‘Don’t Look Up’ review: Leonardo DiCaprio and Jennifer Lawrence headline a scathing climate-change satire that occasionally veers off course
Not surprisingly alarmed, their findings rapidly reach the White Home, where the president (Meryl Streep, inadequately served by the ridiculousness of her character) is too preoccupied with her threatened Supreme Court select to concentrate on what Randall refers to as an extinction-level occasion. After unproductive backward and forward, she concludes that they’ll “sit tight and assess” the scenario.
From there, “Don’t Look Up” is off to the races with a scathing indictment of whatever about our media and political environment, from the happy-talk news program (anchored by Tyler Perry and Cate Blanchett, standing apart as particularly egotistical television anchors) to sites preoccupied with traffic and social-media memes.
McKay and Sirota provide a spot-on attack on how quickly sidetracked individuals (particularly in media) are, focusing on Kate’s hair and clothing and neglecting the compound of her message.
The efforts to make that point, nevertheless, careen hugely in various instructions, from a tech billionaire (Mark Rylance, embracing a not-of-this-world accent) who sees chances to capitalize the comet’s natural deposits to the president’s chief of personnel (Jonah Hill), who can just see the danger in regards to how it may affect the midterm elections.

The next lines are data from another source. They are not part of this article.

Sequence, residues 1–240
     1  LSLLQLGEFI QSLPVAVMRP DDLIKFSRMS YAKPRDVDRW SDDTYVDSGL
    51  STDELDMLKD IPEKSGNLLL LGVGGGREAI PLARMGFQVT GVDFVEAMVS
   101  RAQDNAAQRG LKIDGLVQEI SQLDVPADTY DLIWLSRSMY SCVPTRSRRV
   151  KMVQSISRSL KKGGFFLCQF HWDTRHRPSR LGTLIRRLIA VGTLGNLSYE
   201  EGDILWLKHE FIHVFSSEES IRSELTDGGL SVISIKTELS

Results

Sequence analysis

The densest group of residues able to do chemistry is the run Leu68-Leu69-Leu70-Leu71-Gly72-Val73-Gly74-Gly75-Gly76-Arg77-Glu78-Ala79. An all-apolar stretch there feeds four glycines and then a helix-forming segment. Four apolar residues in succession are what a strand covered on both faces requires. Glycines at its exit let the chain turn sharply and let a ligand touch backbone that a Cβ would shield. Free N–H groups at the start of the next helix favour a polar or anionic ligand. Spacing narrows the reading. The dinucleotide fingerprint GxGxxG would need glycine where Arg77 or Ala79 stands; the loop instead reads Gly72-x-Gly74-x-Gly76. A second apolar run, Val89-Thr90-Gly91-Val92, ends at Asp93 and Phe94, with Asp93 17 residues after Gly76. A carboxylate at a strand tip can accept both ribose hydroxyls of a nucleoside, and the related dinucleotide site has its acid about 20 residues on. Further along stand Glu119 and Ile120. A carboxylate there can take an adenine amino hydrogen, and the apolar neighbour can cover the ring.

Still, “Don’t Look Up” keeps getting sidetracked, thanks in part to accumulating celebs in bit parts (witness Timothée Chalamet’s belated entryway for no specific factor) and pursuing subplots that drag out the stress on whether these problematic leaders will discover the perseverance and sobriety to act.
As was plainly its intent, “Don’t Look Up” utilizes satire to stimulate a discussion about possibly neglecting a crisis up until it’s far too late. It’s a sobering message, however one that comes barreling towards us through the lens of an unequal motion picture.
“Don’t Look Up” premieres Dec. 10 in choose theaters and Dec. 24 on Netflix. It’s ranked R.
Jobber Wiki author Frank Long contributed to this report.